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On Thursday, March 17, James Hamilton joined Markus’ Academy for a lecture on Sanctions, Energy Prices and the Global Economy.  Hamilton is the Robert F. Engle Professor of Economics at the University of California at San Diego.

Watch the full presentation below and download the slides. You can also watch all Markus’ Academy webinars on the Princeton BCF YouTube channel.

[0:00] Introductory Remarks:

[13:10] Global and U.S. usage of crude oil and natural gas

[26:01] Possibility of a recession?

[41:05] Effect on consumers

[44:03] Could this affect inflation?

[52:30] Global implications.

[1:00:29] Sanctions in Russia, additional questions.

Executive Summary

  • [0:00] Introductory Remarks: The Russian invasion into Ukraine might mark a  watershed moment in the global economic order. Before the invasion, we hoped that mutual interdependence as it makes war expensive and hence ensures peace; trade leads to interactions and international finance makes us more interdependent. After the invasion, the world has changed. We now focus on resilience, self-reliance and autarky. We might be looking at the possibility of “slowbalization”, the end of the peace dividend. Focusing on the effects of sanctions; the technical elasticity of substitution between different sources of energy might not be enough, as non-linear effects, e.g. due to financial frictions might kick in. Haussmann suggests a long-run “tax sanction,” which could be credible, and because of the high elasticity of demand compared to supply, the burden of this tax would fall on Russia. Subsidies to energy consumption may actually help Russia, so a lump-sum subsidy could be better. Sanctions may threaten the inflation anchor further. 
  • [13:10] Global and U.S. usage of crude oil and natural gas. Stopping trade is incredibly costly for everyone. Oil prices increased before the invasion because oil demand recovered faster than oil production, demand nearly back to pre-pandemic levels. U.S. production has not recovered, though the number of drilling rigs is going up, and production is expected to continue to get back up. Russia produces 13% of global crude oil and 17% of world natural gas. Oil trades on a world market. Because of this, the tax burden from any tax on crude oil that is only implemented in some countries would fall onto consumers in that country. Natural gas is much more localized, and cannot be transported as easily, so in terms of natural gas, the most affected areas are Europe and Russia.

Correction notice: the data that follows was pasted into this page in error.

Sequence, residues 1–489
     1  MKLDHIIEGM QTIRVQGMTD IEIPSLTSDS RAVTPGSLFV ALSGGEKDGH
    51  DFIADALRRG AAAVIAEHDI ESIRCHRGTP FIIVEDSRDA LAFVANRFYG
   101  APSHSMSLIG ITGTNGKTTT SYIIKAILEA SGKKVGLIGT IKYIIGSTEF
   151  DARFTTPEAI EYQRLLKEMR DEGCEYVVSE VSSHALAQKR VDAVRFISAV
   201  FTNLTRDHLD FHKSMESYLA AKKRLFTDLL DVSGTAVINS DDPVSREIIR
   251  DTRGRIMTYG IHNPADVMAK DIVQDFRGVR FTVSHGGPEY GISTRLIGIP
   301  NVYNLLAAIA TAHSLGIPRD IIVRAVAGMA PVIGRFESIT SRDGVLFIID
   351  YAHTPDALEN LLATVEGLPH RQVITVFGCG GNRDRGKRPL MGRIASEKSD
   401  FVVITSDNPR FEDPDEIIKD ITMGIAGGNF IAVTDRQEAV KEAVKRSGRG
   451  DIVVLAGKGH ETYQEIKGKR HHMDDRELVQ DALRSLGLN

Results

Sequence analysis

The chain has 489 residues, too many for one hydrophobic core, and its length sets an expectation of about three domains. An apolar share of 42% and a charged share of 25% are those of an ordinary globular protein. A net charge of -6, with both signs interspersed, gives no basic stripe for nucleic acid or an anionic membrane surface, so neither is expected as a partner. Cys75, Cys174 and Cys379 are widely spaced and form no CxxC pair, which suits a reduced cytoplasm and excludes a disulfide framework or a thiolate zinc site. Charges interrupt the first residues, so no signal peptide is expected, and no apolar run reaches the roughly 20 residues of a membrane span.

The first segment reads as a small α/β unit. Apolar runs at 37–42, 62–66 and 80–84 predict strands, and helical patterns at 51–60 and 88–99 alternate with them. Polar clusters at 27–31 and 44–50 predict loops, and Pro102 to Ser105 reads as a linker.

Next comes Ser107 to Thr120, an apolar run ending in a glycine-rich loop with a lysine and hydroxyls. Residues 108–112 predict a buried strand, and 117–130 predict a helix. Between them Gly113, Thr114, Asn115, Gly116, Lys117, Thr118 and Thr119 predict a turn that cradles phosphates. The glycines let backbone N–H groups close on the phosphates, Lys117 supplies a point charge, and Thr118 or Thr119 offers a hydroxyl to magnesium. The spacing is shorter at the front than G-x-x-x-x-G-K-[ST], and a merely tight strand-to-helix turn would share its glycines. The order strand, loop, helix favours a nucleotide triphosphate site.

• [26:01] Possibility of a recession? Because refined petroleum is about 4% of GDP, quick calculations would suggest that losing all Russian oil production would be about 0.5% of GDP, much less than the average decline in U.S. GDP in recessions. Energy’s share of GDP has been declining over time, but because the short-run demand is relatively inelastic, any increase in prices means that the share increases. In Germany, Bachmann et al. (2022) argue that a cut-off of Russian energy imports would reduce GDP by 0.5-3%, depending on substitutability. Supply disruptions between 1973 and 1990 show us that 5% supply cuts – a figure smaller than the 13% of oil plus 17% of natural gas supply from Russia – often cause global recessions with an underutilization of other resources as well. For example, auto production decreases as oil prices spike. In general, a recession is probably unlikely, but if there is a drop in shipments of oil and gas, there could be a big problem, especially in Europe.
  • [41:05] Effect on consumers. Median households spend only 4% of income on gasoline, but it has a larger impact on overall expenditures because consumers become pessimistic as oil prices rise. An energy price increase has the potential to disrupt spending on other goods, and in the presence of nominal rigidities, this could contribute to a drop in real GDP. There could also be GDP drop because of the barriers to reallocating productive resources in the short run.
  • [44:03] Could this affect inflation? If the price of energy increases while other prices decrease, the shock need not be inflationary. However, if other prices are inflexible downwards, a relative price increase will be inflationary. Quick calculations, consistent with a rule-of-thumb mentioned by Fed Chair Jerome Powell, would suggest that the contribution to inflation from this mechanical effect could be calculated by multiplying the percentage change in crude oil prices by 0.02. The oil itself is making a contribution to output and inflation shifts, but it is the other mechanisms like rigidities that magnify the effects. Many countries see a GDP hit when there is an oil shock, but the exact pattern differs. Supply problems are likely to get worse before they get better.
  • [52:30] Global implications. Higher oil prices also have implications to emerging economies. Importantly, higher oil prices benefit oil exporters (like Brazil) only temporarily and they suffer in the intermediate and long-run from higher oil prices as global economic growth declines.
  • [1:00:29] Sanctions in Russia. The non-oil sanctions and measures taken already are already a very big deal. Not being able to use many different forms of banking affects consumers and firms, and banks suffer without being able to use SWIFT and Fed/ECB clearing. This will have a lasting impact.


To see graphs and further explanation from James Hamilton, see his explanations on oil prices and inflation and oil sanctions and recessions